1,506
    Post Thanks / Like
    Likes (Given)
    2062
    Likes (Received)
    1041

    Default

    Quote Originally Posted by CalG View Post
    I also hear it's been part of some ebay business models from the git go. ;-)
    I'm interested in what that means. Care to elaborate? or suggest a source of reading material?

  15. #10
    Join Date
    Aug 2008
    Location
    Sussex, England
    Posts
    3,454
    Post Thanks / Like
    Likes (Given)
    13
    Likes (Received)
    782

    Default

    Absolutely routine practice in my days with RARDE/DERA/DRA due to UK Government funding things by "yearly vote" with no way of carrying project expenditure over financial year boundaries. Some official shenanigans to carry fixed costs and wages over but for project stores and similar expenditure you were on your own. Given the gross incompetance of most project managers it was unsafe not to leave a buffer between actual expenditure and assigned funding until you got close to teh last month of the financial year. I used to be royally fed up with having my funding stolen to support the hopeless and incompetent. Only saving grace for being good with the money and technical side of project management was that I always got what I asked for at appropriation time. The other nitwits figured that if I had it there would be agood cahnce of some cash being left for them to steal!

    I've had approaching 1/2 a million pounds worth of stuff outstanding in empty boxes delivered shortly before year end before now. Trying to explain to les bosses that a one month lead time from second week in April to get orders out for equipment on 6 to 8 weeks delivery isn't compatible with field trials in June re-defines frustration. Just a fairly minor example of institutionalised insanity. You'd have to had worked there to believe some of it, even having been in the middle (the calm centre at the eye of the storm) of some of the crazy goings on I'm unsure whether I actually believed what was going on.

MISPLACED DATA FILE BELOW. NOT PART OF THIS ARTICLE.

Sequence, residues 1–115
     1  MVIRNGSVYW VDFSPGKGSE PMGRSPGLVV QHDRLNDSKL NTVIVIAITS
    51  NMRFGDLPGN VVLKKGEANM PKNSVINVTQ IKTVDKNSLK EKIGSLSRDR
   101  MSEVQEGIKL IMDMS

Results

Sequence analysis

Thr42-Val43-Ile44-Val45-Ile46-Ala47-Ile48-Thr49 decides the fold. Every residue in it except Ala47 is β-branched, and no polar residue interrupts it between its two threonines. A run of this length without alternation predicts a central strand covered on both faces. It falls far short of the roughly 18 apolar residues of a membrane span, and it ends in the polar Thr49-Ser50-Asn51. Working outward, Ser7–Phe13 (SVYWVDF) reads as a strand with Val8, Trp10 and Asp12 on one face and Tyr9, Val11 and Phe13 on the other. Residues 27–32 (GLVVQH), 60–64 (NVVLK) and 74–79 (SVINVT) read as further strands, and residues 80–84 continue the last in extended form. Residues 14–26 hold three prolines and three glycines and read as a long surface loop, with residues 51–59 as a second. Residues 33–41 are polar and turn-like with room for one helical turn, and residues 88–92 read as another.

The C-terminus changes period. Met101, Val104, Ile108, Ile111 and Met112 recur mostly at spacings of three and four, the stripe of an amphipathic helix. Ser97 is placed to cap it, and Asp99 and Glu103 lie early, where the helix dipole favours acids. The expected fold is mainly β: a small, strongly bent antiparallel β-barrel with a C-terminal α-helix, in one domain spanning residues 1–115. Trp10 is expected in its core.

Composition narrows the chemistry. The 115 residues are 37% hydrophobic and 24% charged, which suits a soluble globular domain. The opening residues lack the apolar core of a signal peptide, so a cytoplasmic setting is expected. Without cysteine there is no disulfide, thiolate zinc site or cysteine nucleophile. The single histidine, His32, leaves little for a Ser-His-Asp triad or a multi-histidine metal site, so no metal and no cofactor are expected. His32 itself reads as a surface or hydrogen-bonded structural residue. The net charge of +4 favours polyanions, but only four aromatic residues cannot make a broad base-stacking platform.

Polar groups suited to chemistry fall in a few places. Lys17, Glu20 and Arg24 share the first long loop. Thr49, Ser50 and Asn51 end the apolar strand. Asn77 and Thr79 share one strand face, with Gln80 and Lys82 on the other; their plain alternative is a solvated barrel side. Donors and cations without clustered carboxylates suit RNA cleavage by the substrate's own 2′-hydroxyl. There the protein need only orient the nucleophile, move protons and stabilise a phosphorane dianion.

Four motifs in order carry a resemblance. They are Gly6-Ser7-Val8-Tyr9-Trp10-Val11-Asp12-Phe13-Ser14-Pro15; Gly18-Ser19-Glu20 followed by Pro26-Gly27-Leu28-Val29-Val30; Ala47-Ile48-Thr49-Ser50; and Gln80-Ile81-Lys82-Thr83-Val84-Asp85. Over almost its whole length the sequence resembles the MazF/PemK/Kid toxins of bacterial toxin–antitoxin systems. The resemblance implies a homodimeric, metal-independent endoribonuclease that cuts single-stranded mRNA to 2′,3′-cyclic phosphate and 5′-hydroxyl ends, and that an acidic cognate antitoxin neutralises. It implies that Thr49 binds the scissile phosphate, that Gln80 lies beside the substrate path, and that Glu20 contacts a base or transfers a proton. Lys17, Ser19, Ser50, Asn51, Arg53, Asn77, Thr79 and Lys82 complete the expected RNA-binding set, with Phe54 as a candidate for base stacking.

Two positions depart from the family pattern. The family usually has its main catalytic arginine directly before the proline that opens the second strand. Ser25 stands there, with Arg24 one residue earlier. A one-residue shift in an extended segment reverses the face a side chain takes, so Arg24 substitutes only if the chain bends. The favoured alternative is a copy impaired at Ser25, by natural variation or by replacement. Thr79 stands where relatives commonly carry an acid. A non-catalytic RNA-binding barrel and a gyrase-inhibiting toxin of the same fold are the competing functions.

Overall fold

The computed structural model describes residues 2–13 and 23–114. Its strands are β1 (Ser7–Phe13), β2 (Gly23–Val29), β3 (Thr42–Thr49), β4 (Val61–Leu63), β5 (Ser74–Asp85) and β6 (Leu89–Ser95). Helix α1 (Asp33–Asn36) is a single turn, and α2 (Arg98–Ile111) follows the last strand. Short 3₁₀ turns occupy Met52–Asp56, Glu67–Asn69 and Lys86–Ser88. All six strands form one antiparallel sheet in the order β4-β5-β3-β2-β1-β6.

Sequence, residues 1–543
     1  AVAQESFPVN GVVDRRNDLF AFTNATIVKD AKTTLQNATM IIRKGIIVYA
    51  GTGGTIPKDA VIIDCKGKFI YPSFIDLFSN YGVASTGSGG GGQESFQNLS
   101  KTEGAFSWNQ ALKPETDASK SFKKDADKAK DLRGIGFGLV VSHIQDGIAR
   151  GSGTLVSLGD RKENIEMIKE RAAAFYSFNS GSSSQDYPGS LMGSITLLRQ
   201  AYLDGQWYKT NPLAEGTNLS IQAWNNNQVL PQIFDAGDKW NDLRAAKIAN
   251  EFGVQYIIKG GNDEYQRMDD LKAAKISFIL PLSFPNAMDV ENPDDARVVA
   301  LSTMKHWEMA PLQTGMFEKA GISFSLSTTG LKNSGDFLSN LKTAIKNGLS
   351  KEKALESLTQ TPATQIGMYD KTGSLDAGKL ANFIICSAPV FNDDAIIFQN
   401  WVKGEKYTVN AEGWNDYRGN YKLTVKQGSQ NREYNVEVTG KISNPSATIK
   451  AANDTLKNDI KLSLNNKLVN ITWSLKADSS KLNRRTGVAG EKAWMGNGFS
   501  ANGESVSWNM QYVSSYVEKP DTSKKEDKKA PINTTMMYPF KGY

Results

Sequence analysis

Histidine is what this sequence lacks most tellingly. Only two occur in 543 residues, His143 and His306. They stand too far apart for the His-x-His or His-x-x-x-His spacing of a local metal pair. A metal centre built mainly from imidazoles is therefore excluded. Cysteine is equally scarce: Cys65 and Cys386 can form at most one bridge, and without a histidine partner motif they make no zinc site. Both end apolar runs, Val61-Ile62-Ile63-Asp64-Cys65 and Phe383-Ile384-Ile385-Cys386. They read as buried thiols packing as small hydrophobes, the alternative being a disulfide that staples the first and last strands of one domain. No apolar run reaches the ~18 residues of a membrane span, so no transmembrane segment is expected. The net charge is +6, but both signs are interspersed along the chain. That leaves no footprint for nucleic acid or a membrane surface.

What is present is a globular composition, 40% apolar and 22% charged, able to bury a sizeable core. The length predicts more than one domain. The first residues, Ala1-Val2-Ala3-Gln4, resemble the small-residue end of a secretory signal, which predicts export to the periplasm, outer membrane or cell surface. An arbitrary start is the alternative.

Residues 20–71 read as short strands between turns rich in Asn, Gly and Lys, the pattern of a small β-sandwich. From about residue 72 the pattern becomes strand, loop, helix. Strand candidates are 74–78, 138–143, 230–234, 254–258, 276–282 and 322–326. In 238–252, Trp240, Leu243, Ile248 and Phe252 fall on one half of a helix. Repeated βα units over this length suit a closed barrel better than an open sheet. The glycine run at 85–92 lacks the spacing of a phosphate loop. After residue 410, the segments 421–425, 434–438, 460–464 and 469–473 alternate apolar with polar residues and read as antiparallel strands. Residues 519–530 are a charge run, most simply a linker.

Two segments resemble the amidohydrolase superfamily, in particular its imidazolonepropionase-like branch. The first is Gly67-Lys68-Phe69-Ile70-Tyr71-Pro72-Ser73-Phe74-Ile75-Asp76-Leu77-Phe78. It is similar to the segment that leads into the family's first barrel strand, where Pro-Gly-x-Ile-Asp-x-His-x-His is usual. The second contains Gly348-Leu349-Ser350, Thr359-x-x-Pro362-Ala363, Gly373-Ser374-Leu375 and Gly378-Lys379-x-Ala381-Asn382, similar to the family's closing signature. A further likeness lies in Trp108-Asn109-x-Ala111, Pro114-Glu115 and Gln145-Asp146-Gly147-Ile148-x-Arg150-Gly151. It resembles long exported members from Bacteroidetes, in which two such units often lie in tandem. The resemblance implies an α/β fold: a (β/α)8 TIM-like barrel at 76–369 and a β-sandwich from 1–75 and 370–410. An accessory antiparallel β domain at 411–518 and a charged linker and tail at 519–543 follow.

Clive

  16. Likes PDW liked this post
  17. #11
    Join Date
    Jan 2007
    Location
    Annapolis, Maryland
    Posts
    528
    Post Thanks / Like
    Likes (Given)
    745
    Likes (Received)
    291

    Default

    A company (very large) I used to work for use dot do it all the time - especially at the end of the year. That called it "ship in place" and would use it to make numbers. Seemed fraudulent as hell, but I figured it was the SEC's job to find that stuff and not some lowly engineer to report it (and surely lose my job). That said, MOST (not all ) of the product was good and it was always al prepared as if it was actually going somewhere. After the quarter or end of year passed, I think they would the 'return' it all. It was also all within the company, i.e., they didn't ask other vendors to do that on their behalf to my knowledge.

    I woulds'd do it. If they want you to ship good, known product to them to make numbers, that's one thing, but I wouldn't expect to 'receive' any 'return' after the fact...

    Brent

  18. #12
    Join Date
    May 2005
    Location
    AZ
    Posts
    2,441
    Post Thanks / Like
    Likes (Given)
    236
    Likes (Received)
    829

    Default

    I have been in this type of situation over the years, and it does seem to occur mostly with large companies in most cases doing work on govt. prime contracts or the downstream sub-contracts. I have never viewed it as fraudulent, and it has occurred both in cases where as a supplier we were behind schedule for any number of reasons, and/or where the p.o. from the customer was placed way too late for the delivery requested. In my previous cases, there was only one time where some sort of actual physical box was requested; in all other cases, it was a simple request for the invoice before the end of the year or whatever the relevant date was. I think this usually occurs where buyers and sellers have a good working relationship, and the buyer is aware of the specifics of the supplier's progress on a project. In many cases, it's the difference between completing the order, or having it cancelled.

  19. #13
    Join Date
    Dec 2008
    Location
    Vt USA
    Posts
    8,768
    Post Thanks / Like
    Likes (Given)
    1413
    Likes (Received)
    3085

    Default

    Quote Originally Posted by extropic View Post
    I'm interested in what that means. Care to elaborate? or suggest a source of reading material?

    scams.......

  20. #14
    Join Date
    Dec 2005
    Country
    UNITED STATES
    State/Province
    New Jersey
    Posts
    3,955
    Post Thanks / Like
    Likes (Given)
    284
    Likes (Received)
    498

    Default prepaid invoice

    I did this a few times with local government entities. The fiscal year ended 6/30, so they spent the last of the budget money on the wish list. The PO and Invoice stated delivery ASAP, so a july delivery was asap.

  21. #15
    Join Date
    Aug 2005
    Location
    Toronto
    Posts
    5,424
    Post Thanks / Like
    Likes (Given)
    3626
    Likes (Received)
    4238

    Default

    i believe in commercial law when you invoice ownership changes, nothing to do with delivery, so there must be some other driver. As its common in many businesses to get paid all or part in advance, there is nothing unusual about invoicing in advance of shipping.